The 1st Century Church: The Unstoppable Faith that Changed the World

Dr. Aída Besançon Spencer

Note: Dr. Spencer's essay is an adaptation of a talk she delivered on Acts in the DVD series Disciple: Becoming Disciples through Bible Study, 2d ed. (Nashville: Abingdon, 2005).

The miraculous advancement of the gospel started with a handful of everyday men and women waiting in Jerusalem for the Holy Spirit. Remarkably, in their lifetimes, without modern transportation or communication and amid ruthless persecution, the knowledge and hope of Christ had spread as far as Europe, India, Africa, and elsewhere.

How was this possible?

It was through the power of find indispensable components of spiritual transformation: Jesus, the content of power; prayer, the means of power; the Holy Spirit, the transporter of power; witnessing, the goal of power, and the Father, the source of power. All five working together can help believers, as Barnabas exhorted, “remain true to the Lord with all their hearts” (Acts 11:23 TNIV).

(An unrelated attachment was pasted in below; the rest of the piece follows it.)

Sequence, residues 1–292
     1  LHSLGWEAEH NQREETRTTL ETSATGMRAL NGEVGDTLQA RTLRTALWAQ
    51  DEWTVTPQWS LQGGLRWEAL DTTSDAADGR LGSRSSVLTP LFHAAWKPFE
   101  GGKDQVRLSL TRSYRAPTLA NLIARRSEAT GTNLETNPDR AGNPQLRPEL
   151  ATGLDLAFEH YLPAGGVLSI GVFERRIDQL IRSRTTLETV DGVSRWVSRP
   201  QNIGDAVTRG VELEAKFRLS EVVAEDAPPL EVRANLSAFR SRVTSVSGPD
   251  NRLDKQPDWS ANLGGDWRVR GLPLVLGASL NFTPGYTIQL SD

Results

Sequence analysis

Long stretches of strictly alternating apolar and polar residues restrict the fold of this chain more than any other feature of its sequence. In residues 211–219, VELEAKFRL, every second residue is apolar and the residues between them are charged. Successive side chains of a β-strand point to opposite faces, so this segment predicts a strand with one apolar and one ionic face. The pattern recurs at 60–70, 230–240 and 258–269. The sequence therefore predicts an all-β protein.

Spiritual transformation is analogous to photosynthesis, where an everyday plant can miraculously manufacture good. Food is the content produced to nourish. The root is the means by which to absorb the water and nutrients. A plant’s stem transports water and food. The leaf, above ground, is the goal because it absorbs carbon dioxide and releases oxygen. And the sunlight is the source that gives energy. Similarly, Jesus nourishes us; prayer is the means to connect to God; the Holy Spirit transports our prayers; witnessing is our goal to communicate to the outside world; and, ultimately, God the Father is our source who energizes all activities.

Acts 1:8 sets the theme for the Book of Acts when Jesus tells his followers that “you will receive power when the Holy Spirit has come upon you; and you will be my witnesses in Jerusalem, in all Judea and Samaria, and to the ends of the earth.”